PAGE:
There will be fewer spots next year for out-of-state students trying to gain admission to California’s most selective public universities.
The University of California, Los Angeles; the University of California, San Diego; and the University of California, Berkeley, will accept fewer nonresidents next year as lawmakers use a record state budget to accept more state residents and quell rising anger that California schools are failing to give priority to the people who pay state taxes.
Nonresident students, who pay more in tuition, will be limited to 18% of the student body at those campuses, down from nearly 23%, according to state data. The reduction will start in the fall of 2022 and be carried out over the next five years. The shift will make room for about 4,500 additional California students, according to Assemblyman Kevin McCarty (D., Sacramento) who chairs the education finance committee.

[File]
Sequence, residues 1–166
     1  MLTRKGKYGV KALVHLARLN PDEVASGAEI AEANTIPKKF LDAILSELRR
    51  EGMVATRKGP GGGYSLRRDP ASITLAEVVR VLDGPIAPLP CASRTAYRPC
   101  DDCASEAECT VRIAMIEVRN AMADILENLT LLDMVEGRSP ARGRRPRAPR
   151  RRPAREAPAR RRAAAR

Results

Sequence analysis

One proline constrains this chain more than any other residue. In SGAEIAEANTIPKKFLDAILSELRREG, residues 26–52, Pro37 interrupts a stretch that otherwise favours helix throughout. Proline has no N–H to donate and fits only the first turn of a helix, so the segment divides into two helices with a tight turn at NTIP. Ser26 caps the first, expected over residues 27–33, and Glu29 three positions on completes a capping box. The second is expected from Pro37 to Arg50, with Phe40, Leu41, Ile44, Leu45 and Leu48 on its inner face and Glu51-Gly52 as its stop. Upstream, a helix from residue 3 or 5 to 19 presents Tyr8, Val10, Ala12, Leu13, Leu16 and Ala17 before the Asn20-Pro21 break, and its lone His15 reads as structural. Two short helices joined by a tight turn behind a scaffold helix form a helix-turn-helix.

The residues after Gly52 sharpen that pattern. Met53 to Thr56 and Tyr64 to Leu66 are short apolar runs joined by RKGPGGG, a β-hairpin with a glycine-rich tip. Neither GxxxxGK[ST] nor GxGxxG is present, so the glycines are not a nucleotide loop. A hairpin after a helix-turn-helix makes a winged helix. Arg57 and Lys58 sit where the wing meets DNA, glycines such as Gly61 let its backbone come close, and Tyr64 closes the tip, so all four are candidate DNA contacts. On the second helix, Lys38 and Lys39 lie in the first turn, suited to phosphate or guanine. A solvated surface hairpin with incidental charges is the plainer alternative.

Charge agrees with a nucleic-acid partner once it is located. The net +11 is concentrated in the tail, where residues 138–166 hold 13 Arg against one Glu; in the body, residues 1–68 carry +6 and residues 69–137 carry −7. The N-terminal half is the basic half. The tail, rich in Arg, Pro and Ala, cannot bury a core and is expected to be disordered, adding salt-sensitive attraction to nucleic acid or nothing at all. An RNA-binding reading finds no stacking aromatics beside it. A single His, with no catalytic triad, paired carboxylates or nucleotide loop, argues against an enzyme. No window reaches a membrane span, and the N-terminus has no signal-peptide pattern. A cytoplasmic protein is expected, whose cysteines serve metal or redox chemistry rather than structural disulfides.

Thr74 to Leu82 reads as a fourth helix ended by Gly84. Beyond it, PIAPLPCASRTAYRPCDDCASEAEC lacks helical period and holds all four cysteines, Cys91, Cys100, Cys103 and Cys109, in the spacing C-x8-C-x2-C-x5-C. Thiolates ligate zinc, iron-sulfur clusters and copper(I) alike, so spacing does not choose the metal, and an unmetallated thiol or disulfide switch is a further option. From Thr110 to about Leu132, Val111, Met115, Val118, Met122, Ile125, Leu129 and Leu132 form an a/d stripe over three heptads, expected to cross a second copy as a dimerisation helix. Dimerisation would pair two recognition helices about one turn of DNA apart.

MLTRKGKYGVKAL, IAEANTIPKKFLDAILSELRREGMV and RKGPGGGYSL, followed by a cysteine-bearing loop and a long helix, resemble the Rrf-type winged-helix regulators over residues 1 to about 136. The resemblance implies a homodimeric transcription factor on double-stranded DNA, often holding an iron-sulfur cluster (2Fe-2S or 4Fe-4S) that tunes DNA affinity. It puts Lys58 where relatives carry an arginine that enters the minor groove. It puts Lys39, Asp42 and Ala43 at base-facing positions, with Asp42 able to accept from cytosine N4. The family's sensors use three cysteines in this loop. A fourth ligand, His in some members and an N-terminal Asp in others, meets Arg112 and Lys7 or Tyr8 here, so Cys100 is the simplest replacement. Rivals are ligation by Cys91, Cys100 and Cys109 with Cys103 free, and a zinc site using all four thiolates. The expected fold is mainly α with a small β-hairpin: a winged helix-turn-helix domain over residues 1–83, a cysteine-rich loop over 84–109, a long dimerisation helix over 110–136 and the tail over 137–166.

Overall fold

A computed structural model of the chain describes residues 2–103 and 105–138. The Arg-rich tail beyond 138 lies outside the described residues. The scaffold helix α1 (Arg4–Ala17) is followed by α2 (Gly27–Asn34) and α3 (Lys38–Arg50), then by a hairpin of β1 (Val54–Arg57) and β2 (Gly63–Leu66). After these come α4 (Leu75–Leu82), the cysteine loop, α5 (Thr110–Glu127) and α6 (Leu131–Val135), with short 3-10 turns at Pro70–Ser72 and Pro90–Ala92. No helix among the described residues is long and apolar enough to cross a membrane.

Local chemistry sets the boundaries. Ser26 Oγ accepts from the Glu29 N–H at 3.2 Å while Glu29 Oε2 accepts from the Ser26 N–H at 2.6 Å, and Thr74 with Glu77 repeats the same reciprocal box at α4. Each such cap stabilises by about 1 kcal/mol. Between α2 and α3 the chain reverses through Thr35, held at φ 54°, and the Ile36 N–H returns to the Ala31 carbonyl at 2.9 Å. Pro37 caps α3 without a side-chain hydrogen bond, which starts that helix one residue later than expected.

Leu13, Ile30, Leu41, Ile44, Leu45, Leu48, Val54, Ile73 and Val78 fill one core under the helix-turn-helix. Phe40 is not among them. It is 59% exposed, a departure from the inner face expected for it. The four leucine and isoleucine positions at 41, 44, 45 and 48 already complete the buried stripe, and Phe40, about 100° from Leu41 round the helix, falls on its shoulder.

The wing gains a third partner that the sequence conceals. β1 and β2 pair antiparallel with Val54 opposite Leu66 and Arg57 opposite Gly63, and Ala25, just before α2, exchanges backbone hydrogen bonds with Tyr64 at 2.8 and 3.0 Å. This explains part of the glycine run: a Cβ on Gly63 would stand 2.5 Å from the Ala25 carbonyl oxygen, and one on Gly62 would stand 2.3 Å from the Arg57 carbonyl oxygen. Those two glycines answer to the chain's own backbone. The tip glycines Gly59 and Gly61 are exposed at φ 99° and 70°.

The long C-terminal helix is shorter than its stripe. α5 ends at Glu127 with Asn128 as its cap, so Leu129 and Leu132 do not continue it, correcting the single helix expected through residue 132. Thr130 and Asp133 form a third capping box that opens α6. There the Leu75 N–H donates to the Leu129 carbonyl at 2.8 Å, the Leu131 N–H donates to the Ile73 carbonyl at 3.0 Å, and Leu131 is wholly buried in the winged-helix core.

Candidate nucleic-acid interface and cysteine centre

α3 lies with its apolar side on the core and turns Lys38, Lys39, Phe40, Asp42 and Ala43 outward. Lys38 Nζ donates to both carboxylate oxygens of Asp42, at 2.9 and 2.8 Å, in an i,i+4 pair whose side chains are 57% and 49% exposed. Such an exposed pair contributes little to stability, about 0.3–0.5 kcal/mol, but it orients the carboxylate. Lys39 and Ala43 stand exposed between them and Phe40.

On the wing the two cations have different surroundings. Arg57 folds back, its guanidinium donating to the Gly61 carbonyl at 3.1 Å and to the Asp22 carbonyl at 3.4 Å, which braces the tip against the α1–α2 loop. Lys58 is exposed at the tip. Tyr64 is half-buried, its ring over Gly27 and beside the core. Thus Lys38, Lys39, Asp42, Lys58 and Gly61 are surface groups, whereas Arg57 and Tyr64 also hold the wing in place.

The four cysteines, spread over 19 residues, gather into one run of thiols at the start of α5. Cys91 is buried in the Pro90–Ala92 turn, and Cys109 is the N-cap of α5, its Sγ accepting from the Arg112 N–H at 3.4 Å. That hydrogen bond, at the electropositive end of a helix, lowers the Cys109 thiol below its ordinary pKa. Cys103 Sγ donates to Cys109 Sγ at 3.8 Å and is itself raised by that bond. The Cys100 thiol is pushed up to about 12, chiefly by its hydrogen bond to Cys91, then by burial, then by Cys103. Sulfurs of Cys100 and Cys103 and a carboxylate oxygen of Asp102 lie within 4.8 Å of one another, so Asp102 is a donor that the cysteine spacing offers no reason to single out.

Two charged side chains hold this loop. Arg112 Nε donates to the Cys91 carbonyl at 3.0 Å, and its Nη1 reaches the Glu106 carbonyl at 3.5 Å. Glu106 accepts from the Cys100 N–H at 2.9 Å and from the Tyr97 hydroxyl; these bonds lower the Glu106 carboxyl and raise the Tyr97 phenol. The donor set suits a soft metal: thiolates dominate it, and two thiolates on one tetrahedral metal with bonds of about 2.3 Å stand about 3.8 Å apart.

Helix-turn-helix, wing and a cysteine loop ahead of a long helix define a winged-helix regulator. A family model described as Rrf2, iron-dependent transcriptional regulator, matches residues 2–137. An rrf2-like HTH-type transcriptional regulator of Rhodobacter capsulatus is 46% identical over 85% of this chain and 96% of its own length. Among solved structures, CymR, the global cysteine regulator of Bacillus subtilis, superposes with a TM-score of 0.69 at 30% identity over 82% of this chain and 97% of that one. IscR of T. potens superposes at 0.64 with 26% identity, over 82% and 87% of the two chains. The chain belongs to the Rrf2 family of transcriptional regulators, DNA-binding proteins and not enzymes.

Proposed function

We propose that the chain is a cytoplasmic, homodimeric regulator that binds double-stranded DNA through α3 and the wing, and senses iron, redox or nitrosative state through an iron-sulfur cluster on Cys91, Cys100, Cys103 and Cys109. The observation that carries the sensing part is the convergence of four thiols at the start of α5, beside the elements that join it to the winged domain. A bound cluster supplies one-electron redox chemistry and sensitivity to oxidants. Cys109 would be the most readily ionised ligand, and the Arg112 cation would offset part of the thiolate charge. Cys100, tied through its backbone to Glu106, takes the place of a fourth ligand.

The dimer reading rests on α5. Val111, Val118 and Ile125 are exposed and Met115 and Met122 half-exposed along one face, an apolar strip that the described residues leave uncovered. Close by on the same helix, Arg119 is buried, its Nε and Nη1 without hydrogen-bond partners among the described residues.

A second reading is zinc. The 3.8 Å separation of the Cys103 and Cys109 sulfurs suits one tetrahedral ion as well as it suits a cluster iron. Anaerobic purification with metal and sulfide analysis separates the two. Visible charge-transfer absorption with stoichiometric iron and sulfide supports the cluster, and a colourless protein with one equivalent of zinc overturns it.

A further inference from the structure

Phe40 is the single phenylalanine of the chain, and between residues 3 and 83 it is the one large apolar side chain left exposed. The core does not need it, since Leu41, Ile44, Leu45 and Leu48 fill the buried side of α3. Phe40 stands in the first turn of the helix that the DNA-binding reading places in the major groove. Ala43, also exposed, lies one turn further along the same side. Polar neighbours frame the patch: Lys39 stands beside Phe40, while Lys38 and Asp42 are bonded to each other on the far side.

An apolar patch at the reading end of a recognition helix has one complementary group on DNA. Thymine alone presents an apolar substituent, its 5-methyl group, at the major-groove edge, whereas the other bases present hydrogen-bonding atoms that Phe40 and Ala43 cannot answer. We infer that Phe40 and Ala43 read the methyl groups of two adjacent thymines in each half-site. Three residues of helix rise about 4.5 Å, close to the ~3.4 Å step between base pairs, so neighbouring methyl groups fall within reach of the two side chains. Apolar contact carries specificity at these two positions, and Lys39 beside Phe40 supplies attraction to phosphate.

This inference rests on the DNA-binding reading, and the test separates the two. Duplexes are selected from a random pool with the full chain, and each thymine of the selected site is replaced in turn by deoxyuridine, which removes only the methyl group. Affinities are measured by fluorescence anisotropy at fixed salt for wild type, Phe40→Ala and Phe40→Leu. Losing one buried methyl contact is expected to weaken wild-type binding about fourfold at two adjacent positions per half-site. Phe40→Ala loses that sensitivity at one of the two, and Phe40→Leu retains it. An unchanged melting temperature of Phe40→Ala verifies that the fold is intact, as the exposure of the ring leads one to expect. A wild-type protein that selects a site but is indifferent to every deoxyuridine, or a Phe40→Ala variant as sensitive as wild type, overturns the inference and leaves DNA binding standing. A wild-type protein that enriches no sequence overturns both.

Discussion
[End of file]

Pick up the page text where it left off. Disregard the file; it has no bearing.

The change is part of California’s budget, which is expected to pass the state legislature Monday night and to be signed by Gov. Gavin Newsom this week. California has funding this year to support the change. Its selective public universities also rejected more students this year.
“There’s been a lot of concern for a long time that the UC is shutting its doors on California students,” said Assemblyman Phil Ting (D., San Francisco), chairman of the Assembly Budget committee. “We want to make a strong statement that not only are we reopening UC’s doors but we are doing so for the schools most in demand.”
Source: WSJ – US News